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'You just won't get decent returns': Why we need to rethink our savings, according to the Money Doctor

The average interest payment per deposit account is €19.

Image: Shutterstock

IMAGINE A FRIEND saying, “give me €100 and in ten years, I’ll give you €80 back”. Not really a great deal, is it? Yet according to the Central Bank, we store approximately €1 billion each year in savings deposits – the highest figure since the end of 2008.  

And a big problem with this is what is known in economics as the money illusion – the false idea that the €100 you deposit will have the same value in 10 years. Put simply, it will be worth considerably less, thanks to ever-increasing inflation.

“You just won’t get decent returns for a savings deposits – they’re for the very short term”, says the Money Doctor John Lowe. Even at the highest interest rate in the country, once you take DIRT into account, you’ll get about 0.0975% on interest – pretty negligible.

Instead, there are plenty of other options that make your money work that little bit harder, whether it’s investment in stocks, property or even physical items. So why can these be a better option for our hard-earned savings?

Here are four very important questions to understand about it.

1. So wait, why is the real value of my savings going down?

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Though most of us tend to transfer any savings we can afford into a deposit account, the Central Bank found at the end of last year that the average interest payment per deposit account was just €19. This becomes a problem when you add these low interest rates to the ever-rising cost of living – meaning simply that your savings are worth less each year.

For example, the latest figures from the Consumer Price Index have shown that over the last five years we’ve seen considerable increases in the cost of rent (+44%), car loans (+38%), third level (+23%), insurance (+19%) and rail transport (+26%). This means that what €1000 would have gotten you in rent in 2014 would now get you around €690. 

2. Why do we all still place our savings in deposits then? 

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Well the simple answer is that we’re all under the spell of what economist Irving Fisher coined the Money Illusion - the idea that people have an inaccurate picture of their wealth based on nominal, rather than real terms – i.e. they are not taking into account how their savings change as inflation increases.

What is interesting is how we perceive this. According to investment education resource Investopedia, experiments have shown that people see a 2% pay cut with no inflation as unfair. But when they receive a 2% wage increase and inflation goes up by 4%, they see it as fair – despite the fact that their money remains the same ‘real’ value in both instances. And we often see this playing out at a wider scale in the economy.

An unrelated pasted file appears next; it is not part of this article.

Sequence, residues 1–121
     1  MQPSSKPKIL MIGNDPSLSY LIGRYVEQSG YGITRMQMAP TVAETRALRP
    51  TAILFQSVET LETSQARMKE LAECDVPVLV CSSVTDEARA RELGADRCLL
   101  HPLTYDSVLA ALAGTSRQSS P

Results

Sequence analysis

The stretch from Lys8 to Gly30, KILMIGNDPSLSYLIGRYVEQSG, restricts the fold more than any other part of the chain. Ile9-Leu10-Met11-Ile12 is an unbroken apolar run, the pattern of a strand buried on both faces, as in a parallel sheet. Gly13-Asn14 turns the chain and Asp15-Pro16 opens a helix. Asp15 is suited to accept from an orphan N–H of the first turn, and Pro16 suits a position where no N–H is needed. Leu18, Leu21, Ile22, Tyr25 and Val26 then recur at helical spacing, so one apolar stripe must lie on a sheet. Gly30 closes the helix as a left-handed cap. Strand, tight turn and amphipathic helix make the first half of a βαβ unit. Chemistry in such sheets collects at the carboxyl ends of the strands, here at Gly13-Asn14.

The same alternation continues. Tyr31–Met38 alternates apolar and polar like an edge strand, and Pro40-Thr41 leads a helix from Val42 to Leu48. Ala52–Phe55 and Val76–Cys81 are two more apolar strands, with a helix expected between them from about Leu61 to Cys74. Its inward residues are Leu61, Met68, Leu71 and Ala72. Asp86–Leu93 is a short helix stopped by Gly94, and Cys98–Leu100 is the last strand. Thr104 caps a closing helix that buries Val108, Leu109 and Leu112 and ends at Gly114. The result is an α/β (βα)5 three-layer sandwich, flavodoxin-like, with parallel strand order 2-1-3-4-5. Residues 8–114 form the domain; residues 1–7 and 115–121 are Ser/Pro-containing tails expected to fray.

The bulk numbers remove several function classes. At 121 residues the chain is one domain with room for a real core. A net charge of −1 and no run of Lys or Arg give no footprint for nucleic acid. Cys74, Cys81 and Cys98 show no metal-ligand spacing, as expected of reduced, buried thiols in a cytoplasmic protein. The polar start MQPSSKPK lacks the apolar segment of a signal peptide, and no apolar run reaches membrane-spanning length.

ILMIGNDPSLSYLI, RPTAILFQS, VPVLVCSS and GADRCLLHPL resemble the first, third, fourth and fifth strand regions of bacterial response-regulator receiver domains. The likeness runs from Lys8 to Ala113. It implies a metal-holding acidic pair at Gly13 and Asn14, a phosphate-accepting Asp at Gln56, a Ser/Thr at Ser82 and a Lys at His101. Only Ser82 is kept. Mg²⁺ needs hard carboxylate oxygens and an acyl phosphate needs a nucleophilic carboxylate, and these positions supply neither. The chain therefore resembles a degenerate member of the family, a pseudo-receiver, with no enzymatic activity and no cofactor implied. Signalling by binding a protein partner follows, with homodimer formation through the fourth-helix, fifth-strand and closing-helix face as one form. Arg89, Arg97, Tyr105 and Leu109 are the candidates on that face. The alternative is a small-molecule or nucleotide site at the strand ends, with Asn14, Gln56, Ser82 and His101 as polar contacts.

3. So, how should I plan to put money aside?

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Well, here’s where the expert advice becomes very important. Before you even think about investments, it’s important to divide savings into ‘short-term’ and ‘long-term’. For the short term, you need get a healthy ‘rainy day’ fund together, says Lowe. He explains that this should be about three to six months of your net annual income – so about €15,000 – €20,000 for the average earner.  

Firstly, for any unexpected emergencies – think broken clutches and unexpected dental work. Secondly, for any sudden loss of income. Lastly, to cover any ongoing costs such as sending your kids to college (€42,000 for the average child, says Lowe) and car loans. Once these are in good shape, you can start looking at your long-term savings – which need to be giving you more interest. 

4. Then what are my options to make my money work harder?

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You definitely have options here. One is that you can invest in physical items that will increase in value. Lowe’s own office is filled with rock and roll memorabilia including a jacket gifted to him from Jerry Lee Lewis’ wife. Investing in something you’re passionate about that is likely to peak in value can pay generous dividends too. 

Take also the example of a client who purchased the car in the background of The Beatles’ iconic Abbey Road cover, buying it for €2,500 and selling it later for €10,000. However, it’s worth noting that the return with items like this can be a little more unpredictable and clearly this is not for everyone.

If you’re looking to make the most possible money with your savings, “the best return over any period of time is the stock market”, says Lowe. Warren Buffett calls the stock market “the device to transfer money from the impatient to the patient”. Lowe explains that currently we are in the tenth year of the 26th bull market (increasing prices). While we may associate the stock market with volatility, he reminds that the general trend has always been towards growth. 

Lowe reminds that with the help of experts, investment can be a lot easier than you’d think: “It’s really just a question of getting your ducks in a row first – take a holistic view of your financial life.”

Ready to start investing? – see what kind of investor you are and check out the range of investment options available at KBC. There’s a dedicated investment advisor in every KBC Hub to take you through all the options – book your appointment now.

Terms and conditions apply. KBC Bank Ireland plc is regulated by the Central Bank of Ireland. Warning: The value of your investments may go down as well as up.

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